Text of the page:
The term 'Broadside Ballad' is here used to designate any song — narrative or otherwise — which made its first appearance on the penny or halfpenny sheets.
The songs which make up these two albums do not, for the most part, have much in common with the Traditional Ballads.
Professor Child has characterized the broadsides as "veritable dunghills", and for three hundred years contemptuous literary men have castigated the authors of these 'vile ballads'; and yet even the most awkward of their verses has its occasional flash of humour, its sudden, brief flicker of light, making the dead past live again for a moment. If our view of the past, occasioned by these momentary illuminations, is sometimes an oblique one, then it is none the less interesting on that account.
The broadsides flourished from 1500-1700, that is until the first cheap books began to make their appearance. By the beginning of the 18th century, the black-letter ballads had virtually disappeared.
The White-letter productions, however, persisted until the mid-nineteenth century, and indeed, even today it is not unusual for one to be accosted in the London streets by a 'soft touch man' who in return for a shilling will slip you an envelope containing a miniature photostat copy of a ballad dealing with the 'Loss of the Royal Sovereign' in World War II, or with the 'Sinking of the Scharnhorst'.
In the days before TV, radio and newspapers, the broadsides helped both to mould and reflect public opinion; their authors acted as political commentators, journalists, comic-strip writers, P. R. men for both parties, and for all those ambitious placeseekers who could afford to hire a pen.
That they were popular with the masses, no one can doubt; that they were unpopular with the establishment is born out by successive acts of legislation against 'pipers, fiddlers and minstrels' and by the many repressive laws directed against them both in England and Scotland.
In 1574 (in Scotland) they were again branded with the oprobrious title of vagabonds and threatened with severe penalties; and the regent Morton induced the Privy Council to issue an edict that "nane tak upon hand to emprint or sell whatsoever book, ballet, or other werk" without its being examined and licenced under pain of death and confiscation of goods.
In August 1579, two poets of Edinburgh, (William Turnbull, Schoolmaster and William Scot, notar, "baith weel belovit of the common people for their common offices") were hanged for writing a satirical ballad against the Earl of Morton, and in October of the same year, the Estates passed an act against beggars and "sic as make themselves fules and are bards ... minstrels, sangsters, and tale-tellers, not avowed in special service by some of the lords of parliament or great burghs."
Seventy-five years later, Captain Bentham was appointed provost-marshall to the revolutionary army in England, with power to seize upon all balladsingers, and five years after that date there were no more entries of ballads at Stationers' Hall. The heat was still on a century later and in July 1763, we are told that "yesterday evening two women were sent to Bridewell by Lord Bute's order, for singing political ballads before his lordship's door in South Audley Street".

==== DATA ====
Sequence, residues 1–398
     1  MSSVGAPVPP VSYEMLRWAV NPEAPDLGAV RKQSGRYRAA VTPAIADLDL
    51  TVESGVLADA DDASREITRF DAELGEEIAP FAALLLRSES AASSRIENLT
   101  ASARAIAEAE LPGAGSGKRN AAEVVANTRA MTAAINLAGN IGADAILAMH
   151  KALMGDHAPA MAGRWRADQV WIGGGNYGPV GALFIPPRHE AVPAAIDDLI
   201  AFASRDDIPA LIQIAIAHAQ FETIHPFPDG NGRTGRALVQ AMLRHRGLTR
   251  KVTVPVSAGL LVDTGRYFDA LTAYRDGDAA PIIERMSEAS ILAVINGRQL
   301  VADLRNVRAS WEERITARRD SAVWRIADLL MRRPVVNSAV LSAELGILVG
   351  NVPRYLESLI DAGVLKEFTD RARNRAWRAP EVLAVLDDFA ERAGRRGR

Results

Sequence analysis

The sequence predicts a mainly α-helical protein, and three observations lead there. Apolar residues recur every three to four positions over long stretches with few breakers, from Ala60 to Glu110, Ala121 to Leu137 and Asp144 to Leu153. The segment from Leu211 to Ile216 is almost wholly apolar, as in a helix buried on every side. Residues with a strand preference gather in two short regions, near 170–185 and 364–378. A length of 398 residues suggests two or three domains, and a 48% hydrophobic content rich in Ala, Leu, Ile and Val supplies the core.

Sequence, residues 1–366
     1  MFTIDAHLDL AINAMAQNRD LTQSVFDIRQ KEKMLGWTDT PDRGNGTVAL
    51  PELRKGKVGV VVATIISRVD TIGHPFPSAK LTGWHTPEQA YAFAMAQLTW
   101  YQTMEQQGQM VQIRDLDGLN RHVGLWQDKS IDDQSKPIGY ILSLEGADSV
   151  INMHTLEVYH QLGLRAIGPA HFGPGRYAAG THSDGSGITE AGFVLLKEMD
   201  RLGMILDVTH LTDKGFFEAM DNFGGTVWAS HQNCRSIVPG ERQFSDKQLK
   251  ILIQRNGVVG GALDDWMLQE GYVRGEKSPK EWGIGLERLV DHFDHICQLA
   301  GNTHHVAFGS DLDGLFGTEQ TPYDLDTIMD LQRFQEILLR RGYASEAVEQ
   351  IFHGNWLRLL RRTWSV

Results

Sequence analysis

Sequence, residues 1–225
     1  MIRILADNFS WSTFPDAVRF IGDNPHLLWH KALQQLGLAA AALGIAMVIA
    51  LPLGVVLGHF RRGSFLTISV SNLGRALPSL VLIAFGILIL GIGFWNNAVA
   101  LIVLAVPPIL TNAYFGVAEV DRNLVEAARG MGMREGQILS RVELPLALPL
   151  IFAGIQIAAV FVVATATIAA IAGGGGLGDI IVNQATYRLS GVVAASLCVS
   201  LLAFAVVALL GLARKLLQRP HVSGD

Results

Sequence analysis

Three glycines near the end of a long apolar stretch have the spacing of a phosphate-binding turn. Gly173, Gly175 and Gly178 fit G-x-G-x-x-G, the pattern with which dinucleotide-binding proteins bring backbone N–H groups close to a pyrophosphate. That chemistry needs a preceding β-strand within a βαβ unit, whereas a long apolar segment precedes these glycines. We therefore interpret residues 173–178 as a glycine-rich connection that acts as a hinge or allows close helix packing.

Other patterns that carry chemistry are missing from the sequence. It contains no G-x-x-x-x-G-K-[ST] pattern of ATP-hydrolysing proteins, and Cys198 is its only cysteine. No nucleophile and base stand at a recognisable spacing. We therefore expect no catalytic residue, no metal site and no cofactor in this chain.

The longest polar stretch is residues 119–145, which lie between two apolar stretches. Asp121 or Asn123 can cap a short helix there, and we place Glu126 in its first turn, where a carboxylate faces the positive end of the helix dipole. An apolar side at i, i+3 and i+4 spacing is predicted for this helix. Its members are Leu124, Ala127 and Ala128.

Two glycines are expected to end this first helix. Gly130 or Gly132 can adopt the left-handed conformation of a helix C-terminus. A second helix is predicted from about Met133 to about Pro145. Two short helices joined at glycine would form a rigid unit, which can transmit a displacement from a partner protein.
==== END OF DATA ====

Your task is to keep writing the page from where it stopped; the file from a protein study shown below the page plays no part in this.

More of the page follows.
Even in the mid-nineteenth century the attacks on the ballad-mongers continued, though by this time the fraternity was somewhat reduced in size; yet it was still sufficiently large for the owners of factories and workshops like the Vulcan foundry of Newton-Le-Willows, Cheshire to deem it necessary to issue the following warning on a cast-iron notice board: TAKE NOTICE. PRIVATE PROPERTY.
We do hereby caution all HAWKERS, RAG AND BONE DEALERS, BALLAD SINGERS & From trespassing on these premises. Any person or persons of the above description found hereon after this notice will be prosecuted with the utmost rigor of the LAW. VULCAN FOUNDRY MAY 1st. 1835.
They have departed now; it is no longer necessary for the authorities to brand "bardis and balletsingers" on the cheek and scourge them through the streets. The descendents of Elderton, Deloney, Johnson, Munday and Martin Parker now work for the establishment, as the hired men of television, radio, the press and Tin Pan Alley; they have learned how to write without offending anybody or anything, except, occasionally, one's sense of the ridiculous.
The broadsides were, for the most part, sung on the streets and in the taverns of Britain's cities. If they had accompaniments at all, these would probably have been of a most rudimentary nature. To have presented them in these albums with the sophisticated virginals and lute would have been as incongruous as arranging the St. Louis Blues for the serpent and three Alpine horns. It is much more likely that instruments such as the pipe and tabor and fiddle were used. For this present recording we have made no attempt to provide "authentic" accompaniment. We have used instead the concertina, the guitar, the ocarina, flute, piccolo, tin whistle, autoharp, tabor and, for two songs, the banjo; all of them instruments which have been widely used by street singers of our own time.
Notes by EWAN MacCOLL